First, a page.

Prices of wheat have skyrocketed across the country and increased fears of potential shortages in the markets.
Many say the government is to blame who claims to be curbing the crisis, all the while dealing with allegations of being unfit to find a solution to the issue.
Media reported that the flour crisis began on Monday in Sindh before spreading to other provinces. A news source pointed out that the government was considering importing wheat to avoid the raging crisis.
The past fiscal year saw wheat production projected at 25.195 million tonnes. However, the actual production was said to be around 24.7 million tonnes, according to sources. Wheat production in 2017-18 had previously stood at 25,076 million tons and in 2016-17 at 26,674 million tons.
A media source reported that wheat consumption hoards about 2 million tons on a monthly average, stating that the production of 24.7 million tonnes would normally have been more than sufficient to meet annual domestic needs.
Punjab also possessed wheat carryover stocks.
The province had also procured some 3.5 million tons of wheat last year against a goal of 4 million tons. Nevertheless, as the wheat crisis emerged in Sindh, it also spread to other provinces, and KP and Sindh began to look to Punjab to meet their needs for wheat in fear of shortages.
Read More: Fears rise as flour prices soar in KPK
The problem was aggravated by the government’s decision to export 200,000 to 400,000 tonnes of wheat, keeping in perspective the surplus stocks on the basis of estimates put forward by the Ministry of National Food Security and Research. The actual exports of wheat surprisingly however crossed 640,000 tonnes.
During a meeting in which the government had already placed a ban on the export of wheat and flour, the Prime Minister was told that the exports of wheat-esque commodities was still in progress in Afghanistan. Similarly, flour exports were also advancing.
Additionally, the premier also instructed during the meetings that the cabinet should approve the import of wheat to 0.2 million tonnes previous October, but the decision could not be acted upon immediately, said the news source.
Punjab, meanwhile, also imposed a ban on inter-provincial wheat movement. In view of this whole situation, profiteers and hoarders began to exploit the situation and reportedly plunged into the piling up of wheat in hidden stocks to increase prices.
Now the blame is on the government for the prevailing wheat crisis and record inflation in the country.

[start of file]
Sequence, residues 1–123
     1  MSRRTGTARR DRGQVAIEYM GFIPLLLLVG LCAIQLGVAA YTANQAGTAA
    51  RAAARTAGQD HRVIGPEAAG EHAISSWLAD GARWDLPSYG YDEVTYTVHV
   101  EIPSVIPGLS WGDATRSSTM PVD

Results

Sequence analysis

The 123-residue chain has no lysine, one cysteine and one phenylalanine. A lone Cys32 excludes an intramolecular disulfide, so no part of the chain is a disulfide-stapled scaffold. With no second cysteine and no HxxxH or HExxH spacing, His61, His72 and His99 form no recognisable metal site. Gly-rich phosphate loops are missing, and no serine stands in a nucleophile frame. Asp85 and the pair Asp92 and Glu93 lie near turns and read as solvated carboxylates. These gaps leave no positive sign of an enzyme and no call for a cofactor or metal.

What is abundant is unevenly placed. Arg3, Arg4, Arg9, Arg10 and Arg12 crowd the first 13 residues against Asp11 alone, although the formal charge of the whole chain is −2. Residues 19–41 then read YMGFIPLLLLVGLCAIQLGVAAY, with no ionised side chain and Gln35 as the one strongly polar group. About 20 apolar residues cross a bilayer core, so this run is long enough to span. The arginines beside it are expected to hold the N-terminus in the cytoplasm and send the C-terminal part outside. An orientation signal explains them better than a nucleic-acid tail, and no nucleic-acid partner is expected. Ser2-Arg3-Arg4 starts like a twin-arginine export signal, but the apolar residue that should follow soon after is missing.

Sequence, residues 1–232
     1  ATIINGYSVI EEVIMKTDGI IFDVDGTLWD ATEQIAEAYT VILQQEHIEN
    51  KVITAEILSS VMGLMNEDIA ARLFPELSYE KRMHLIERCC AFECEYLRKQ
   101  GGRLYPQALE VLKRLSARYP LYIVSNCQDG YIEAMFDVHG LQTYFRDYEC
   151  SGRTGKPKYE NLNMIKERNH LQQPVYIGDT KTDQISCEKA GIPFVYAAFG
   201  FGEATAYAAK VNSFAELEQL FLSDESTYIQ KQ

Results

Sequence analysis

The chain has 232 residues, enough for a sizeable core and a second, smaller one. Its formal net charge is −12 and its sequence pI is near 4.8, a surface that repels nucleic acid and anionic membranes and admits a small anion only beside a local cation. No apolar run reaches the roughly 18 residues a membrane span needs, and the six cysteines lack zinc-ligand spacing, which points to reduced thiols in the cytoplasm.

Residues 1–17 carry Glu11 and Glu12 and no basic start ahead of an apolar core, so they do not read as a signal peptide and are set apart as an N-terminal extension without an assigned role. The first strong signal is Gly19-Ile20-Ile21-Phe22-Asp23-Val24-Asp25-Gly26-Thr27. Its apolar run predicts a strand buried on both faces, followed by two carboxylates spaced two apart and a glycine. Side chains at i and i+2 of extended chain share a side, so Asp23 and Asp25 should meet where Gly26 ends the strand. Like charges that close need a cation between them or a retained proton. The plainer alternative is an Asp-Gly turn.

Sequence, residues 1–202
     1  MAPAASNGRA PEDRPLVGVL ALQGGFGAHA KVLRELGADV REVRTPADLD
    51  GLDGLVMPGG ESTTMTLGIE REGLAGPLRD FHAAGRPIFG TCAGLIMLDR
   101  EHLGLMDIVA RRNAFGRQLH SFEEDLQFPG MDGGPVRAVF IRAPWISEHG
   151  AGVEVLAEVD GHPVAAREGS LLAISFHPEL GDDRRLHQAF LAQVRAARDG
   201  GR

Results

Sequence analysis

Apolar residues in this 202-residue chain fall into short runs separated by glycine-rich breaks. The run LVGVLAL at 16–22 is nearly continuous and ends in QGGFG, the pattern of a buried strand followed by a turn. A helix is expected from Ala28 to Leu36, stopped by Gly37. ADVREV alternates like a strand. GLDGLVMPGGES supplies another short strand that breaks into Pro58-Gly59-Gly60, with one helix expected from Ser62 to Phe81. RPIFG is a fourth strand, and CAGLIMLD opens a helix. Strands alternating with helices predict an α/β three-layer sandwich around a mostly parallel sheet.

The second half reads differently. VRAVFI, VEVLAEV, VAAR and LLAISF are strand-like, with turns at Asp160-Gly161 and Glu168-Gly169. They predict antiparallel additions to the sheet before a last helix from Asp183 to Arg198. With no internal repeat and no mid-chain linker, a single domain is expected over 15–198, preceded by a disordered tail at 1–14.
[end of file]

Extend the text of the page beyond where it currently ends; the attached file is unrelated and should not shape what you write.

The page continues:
In a talk show on Samaa Tv, former finance minister and economist Hafeez Pasha said that the most important question one should be asking amidst this crisis is: who increased the price of flour, despite purchases of wheat from farmers at the old rates?
“The government should have made efforts to avert a possible wheat crisis,” the economist had said.
“But the government instead reduced the purchase of wheat.”Samaa TV
He added that the government had allowed the export of wheat the past year. Pasha also said that 0.65 million tons of wheat had been sold to multiple countries since that time.
In regards to the rise in flour prices, he said that wheat is now being imported at a rate 10% higher than at which it was exported. However, for the common people, the commodity is being sold at a 42% higher rate.
Pasha also added that nearly 8 billion people were gripped in poverty over the past year, while 40% of the population stood on the brink of it. If the policy is not changed in time, 40% population is likely to fall into poverty by next year, he said.
He went on comment on the incumbent government’s policies saying that it imposed Rs700 billion worth of new taxes,
Commenting on the incumbent government’s policies, Pasha said the Pakistan Tehreek-e-Insaf government took major steps to fulfill the International Monetary Fund’s conditions.
It levied new taxes worth Rs700 billion, lowered the value of rupee, increased electricity, coal, petrol and food products rates, he elaborated.
These only added to the crippling situation of the people, he said.
In addition, Pasha said, decreasing the development budget has affected the economic growth of the country.
As the blame game between lack of coordination among the tiers of government continues, the poor, as always, are caught in the crossfire.